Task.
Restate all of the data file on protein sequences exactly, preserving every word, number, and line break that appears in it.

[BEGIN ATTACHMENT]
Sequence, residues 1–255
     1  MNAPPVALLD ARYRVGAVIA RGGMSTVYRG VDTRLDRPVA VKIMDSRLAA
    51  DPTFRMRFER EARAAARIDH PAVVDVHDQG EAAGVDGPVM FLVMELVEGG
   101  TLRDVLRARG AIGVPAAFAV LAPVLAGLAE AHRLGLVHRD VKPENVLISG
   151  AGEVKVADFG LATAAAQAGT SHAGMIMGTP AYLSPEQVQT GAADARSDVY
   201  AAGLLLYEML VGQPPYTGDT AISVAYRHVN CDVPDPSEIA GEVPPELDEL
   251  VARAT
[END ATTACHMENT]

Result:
Sequence, residues 1–255
     1  MNAPPVALLD ARYRVGAVIA RGGMSTVYRG VDTRLDRPVA VKIMDSRLAA
    51  DPTFRMRFER EARAAARIDH PAVVDVHDQG EAAGVDGPVM FLVMELVEGG
   101  TLRDVLRARG AIGVPAAFAV LAPVLAGLAE AHRLGLVHRD VKPENVLISG
   151  AGEVKVADFG LATAAAQAGT SHAGMIMGTP AYLSPEQVQT GAADARSDVY
   201  AAGLLLYEML VGQPPYTGDT AISVAYRHVN CDVPDPSEIA GEVPPELDEL
   251  VARAT